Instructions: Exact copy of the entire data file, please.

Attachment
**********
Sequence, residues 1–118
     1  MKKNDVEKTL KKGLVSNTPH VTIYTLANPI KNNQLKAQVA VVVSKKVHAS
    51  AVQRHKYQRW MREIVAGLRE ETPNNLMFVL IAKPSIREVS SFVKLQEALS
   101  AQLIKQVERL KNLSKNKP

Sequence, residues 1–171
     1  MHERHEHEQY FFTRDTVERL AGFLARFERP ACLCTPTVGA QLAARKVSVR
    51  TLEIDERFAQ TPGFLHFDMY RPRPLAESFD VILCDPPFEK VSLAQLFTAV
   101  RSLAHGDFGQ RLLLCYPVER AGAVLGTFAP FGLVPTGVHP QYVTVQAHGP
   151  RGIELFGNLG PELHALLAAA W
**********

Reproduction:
Sequence, residues 1–118
     1  MKKNDVEKTL KKGLVSNTPH VTIYTLANPI KNNQLKAQVA VVVSKKVHAS
    51  AVQRHKYQRW MREIVAGLRE ETPNNLMFVL IAKPSIREVS SFVKLQEALS
   101  AQLIKQVERL KNLSKNKP

Sequence, residues 1–171
     1  MHERHEHEQY FFTRDTVERL AGFLARFERP ACLCTPTVGA QLAARKVSVR
    51  TLEIDERFAQ TPGFLHFDMY RPRPLAESFD VILCDPPFEK VSLAQLFTAV
   101  RSLAHGDFGQ RLLLCYPVER AGAVLGTFAP FGLVPTGVHP QYVTVQAHGP
   151  RGIELFGNLG PELHALLAAA W